I must admit that Alex Ekwueme was one of the early influences on my life. I believe that our lives only make meaning when we live for others, and that at a macro level, public service is the best form of philanthropy.
Alex Ekwueme exemplified these, and that’s part of why I was a devotee. It seems to me that American President Theodore Roosevelt foresaw the life and times of Alex Ekwueme when he spoke about “The Man in the Arena” at a speech he delivered on April 23, 1910 in Sorbonne, Paris, France.
According to Roosevelt: “It is not the critic who counts; not the man who points out how the strong man stumbles, or where the doer of deeds could have done them better. The credit belongs to the man who is actually in the arena, whose face is marred by dust and sweat and blood; who strives valiantly; who errs, who comes short again and again, because there is no effort without error and shortcoming; but who does actually strive to do the deeds; who knows great enthusiasms, the great devotions; who spends himself in a worthy cause; who at the best knows in the end the triumph of high achievement, and who at the worst, if he fails, at least fails while daring greatly, so that his place shall never be with those cold and timid souls who neither know victory nor defeat”.
For much of his entire life, Alex Ekwueme was “the man in the arena”! But he was not just in the arena: he was in the arena with a purpose. Perhaps, Rick Warren knew of the life and times of Alex Ekwueme when he authored the bestselling book: “A Purpose Driven Life”. In his classic also, “The Wretched of the Earth”, Frantz Fanon observed that: “Each generation must, out of relative obscurity, discover its mission, fulfill it, or betray it”. Ide bore the beacon of his generation and swore not to betray its mission. He discovered his mission in life very early on, and strove to exemplify a purpose driven life.
Ide lived out a purpose driven life not only through his devoted Christian life, but through prodigious private charity/philanthropy, and stayed long in the arena to alter the macro environment through public service and statesmanship.
In other words, Ide served out a lifetime of service to God by changing the fortune of mankind. That is the true meaning of a purpose driven life. On private charity and philanthropy, Ide lived out the content of John Wesley’s injunction to: “Do all the good you can, by all the means you can, in all the ways you can, in all the places you can, at all the times you can, to all the people you can, as long as ever you can”. Ide was a community builder, built or facilitated in building of schools, hospitals, and churches, offered countless scholarships, created jobs, and mentored hundreds. The Bible enjoins us to devote 10 per cent of income to “make food abundant in God’s house”.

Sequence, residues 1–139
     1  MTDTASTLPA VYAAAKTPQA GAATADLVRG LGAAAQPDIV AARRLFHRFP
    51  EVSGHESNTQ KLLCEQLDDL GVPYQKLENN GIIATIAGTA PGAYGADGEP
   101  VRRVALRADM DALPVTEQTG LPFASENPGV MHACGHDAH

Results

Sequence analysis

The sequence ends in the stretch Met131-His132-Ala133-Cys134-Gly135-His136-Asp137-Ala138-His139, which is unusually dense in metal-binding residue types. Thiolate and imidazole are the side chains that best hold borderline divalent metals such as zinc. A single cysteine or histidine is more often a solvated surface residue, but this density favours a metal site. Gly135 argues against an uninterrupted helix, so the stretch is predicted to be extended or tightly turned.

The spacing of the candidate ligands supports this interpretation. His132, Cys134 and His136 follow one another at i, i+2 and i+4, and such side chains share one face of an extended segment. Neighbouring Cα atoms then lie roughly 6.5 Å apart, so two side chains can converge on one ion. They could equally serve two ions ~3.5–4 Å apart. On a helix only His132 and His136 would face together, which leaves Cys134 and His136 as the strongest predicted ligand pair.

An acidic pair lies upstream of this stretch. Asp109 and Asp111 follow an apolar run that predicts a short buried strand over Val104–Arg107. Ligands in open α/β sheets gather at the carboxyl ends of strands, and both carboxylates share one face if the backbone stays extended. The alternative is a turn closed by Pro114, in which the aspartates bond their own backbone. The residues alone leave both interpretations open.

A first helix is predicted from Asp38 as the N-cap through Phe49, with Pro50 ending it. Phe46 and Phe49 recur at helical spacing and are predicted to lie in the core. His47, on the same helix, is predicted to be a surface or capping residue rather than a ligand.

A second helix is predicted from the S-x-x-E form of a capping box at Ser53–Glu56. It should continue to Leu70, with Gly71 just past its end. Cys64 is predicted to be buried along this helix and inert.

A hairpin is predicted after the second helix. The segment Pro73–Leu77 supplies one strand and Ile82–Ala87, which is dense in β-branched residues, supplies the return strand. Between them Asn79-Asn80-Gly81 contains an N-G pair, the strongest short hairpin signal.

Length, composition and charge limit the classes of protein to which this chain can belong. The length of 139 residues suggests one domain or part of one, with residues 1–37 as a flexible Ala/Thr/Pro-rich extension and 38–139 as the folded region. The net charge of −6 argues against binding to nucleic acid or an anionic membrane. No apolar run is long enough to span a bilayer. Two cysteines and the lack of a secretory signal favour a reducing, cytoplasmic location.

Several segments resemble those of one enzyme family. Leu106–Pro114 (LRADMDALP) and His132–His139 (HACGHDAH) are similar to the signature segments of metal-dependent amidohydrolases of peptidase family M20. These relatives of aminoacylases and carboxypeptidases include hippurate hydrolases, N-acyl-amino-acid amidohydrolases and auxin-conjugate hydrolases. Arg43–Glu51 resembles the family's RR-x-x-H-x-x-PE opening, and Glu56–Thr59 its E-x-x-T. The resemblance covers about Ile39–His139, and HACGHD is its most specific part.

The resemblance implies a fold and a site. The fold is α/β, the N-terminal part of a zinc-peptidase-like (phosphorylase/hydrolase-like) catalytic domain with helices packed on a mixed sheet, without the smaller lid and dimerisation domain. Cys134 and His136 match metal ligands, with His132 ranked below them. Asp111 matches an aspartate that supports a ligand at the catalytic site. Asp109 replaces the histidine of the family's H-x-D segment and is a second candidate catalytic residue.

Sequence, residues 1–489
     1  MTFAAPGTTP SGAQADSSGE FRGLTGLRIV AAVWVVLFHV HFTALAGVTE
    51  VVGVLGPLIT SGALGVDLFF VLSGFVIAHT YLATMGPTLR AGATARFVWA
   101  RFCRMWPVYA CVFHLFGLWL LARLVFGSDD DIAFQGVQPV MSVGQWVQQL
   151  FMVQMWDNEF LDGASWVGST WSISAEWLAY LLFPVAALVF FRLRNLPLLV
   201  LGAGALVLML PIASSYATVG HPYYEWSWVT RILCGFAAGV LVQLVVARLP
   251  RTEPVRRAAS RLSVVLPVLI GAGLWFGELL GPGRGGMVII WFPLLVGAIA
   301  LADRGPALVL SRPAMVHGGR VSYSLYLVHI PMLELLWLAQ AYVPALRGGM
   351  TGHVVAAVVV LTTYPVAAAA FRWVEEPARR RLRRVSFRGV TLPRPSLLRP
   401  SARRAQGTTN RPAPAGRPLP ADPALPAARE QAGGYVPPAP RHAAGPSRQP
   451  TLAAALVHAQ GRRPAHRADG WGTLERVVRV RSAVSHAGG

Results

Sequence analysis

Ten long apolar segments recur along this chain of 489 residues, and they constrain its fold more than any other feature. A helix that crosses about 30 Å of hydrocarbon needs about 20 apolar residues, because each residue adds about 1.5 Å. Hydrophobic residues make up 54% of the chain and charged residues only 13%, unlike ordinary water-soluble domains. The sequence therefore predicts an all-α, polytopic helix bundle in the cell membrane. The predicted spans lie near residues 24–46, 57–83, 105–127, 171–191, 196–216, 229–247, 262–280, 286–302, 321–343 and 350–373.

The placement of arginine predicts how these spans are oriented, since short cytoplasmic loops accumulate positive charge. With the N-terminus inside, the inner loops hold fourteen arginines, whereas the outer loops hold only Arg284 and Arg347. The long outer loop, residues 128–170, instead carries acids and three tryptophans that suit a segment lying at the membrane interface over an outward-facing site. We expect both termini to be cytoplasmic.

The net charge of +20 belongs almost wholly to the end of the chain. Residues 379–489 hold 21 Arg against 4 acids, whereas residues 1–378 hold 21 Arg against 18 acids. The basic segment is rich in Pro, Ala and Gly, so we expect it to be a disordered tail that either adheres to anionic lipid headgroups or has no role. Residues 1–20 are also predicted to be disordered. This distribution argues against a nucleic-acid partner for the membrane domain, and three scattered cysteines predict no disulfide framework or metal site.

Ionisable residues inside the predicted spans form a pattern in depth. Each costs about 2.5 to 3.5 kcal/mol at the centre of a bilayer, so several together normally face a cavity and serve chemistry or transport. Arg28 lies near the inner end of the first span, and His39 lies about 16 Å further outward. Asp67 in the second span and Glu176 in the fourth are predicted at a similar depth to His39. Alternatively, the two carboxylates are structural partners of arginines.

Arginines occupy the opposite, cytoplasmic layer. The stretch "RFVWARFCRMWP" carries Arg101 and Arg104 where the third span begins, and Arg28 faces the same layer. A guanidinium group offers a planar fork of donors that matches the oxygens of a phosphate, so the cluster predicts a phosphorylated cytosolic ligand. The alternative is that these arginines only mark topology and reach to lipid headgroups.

Rick Warren admonishes us to reverse that, and instead devote 90 per cent to public cause. I don’t know what percentage Ide doled out, but he certainly left a huge challenge to all of us. What is the purpose of accumulating wealth if not for the purpose of touching lives beyond ourselves and family? That is the question Ide leaves with us!
But private philanthropy is not enough. Alex Ekwueme agreed with Martin Luther King Jr. that “philanthropy is commendable, but it must not cause the philanthropist to overlook the circumstances of economic injustice which make philanthropy necessary”.
In more than 50 years of perseverance in the public arena, Ide served Nigeria as Vice President and gave us the six geopolitical zones as a framework for national cohesion. He also taught us an enduring lesson: If you have the conviction of purpose, never quit. Alex Ekwueme never quit. From the early 1960s, he contested election into the Eastern Regional House of Assembly under the NCNC and lost. He probably never won any individual election as a candidate under a political party system, but he never quit politics. He lost the NPN gubernatorial nomination to Chief Christian C. Onoh in 1978 but he never quit. He later served as VP and was jailed in spite of his exemplary public service, but he never quit. He led the G-34 and co-founded the Peoples Democratic Party (PDP), which twice denied him nomination as its presidential candidate, but he did not quit.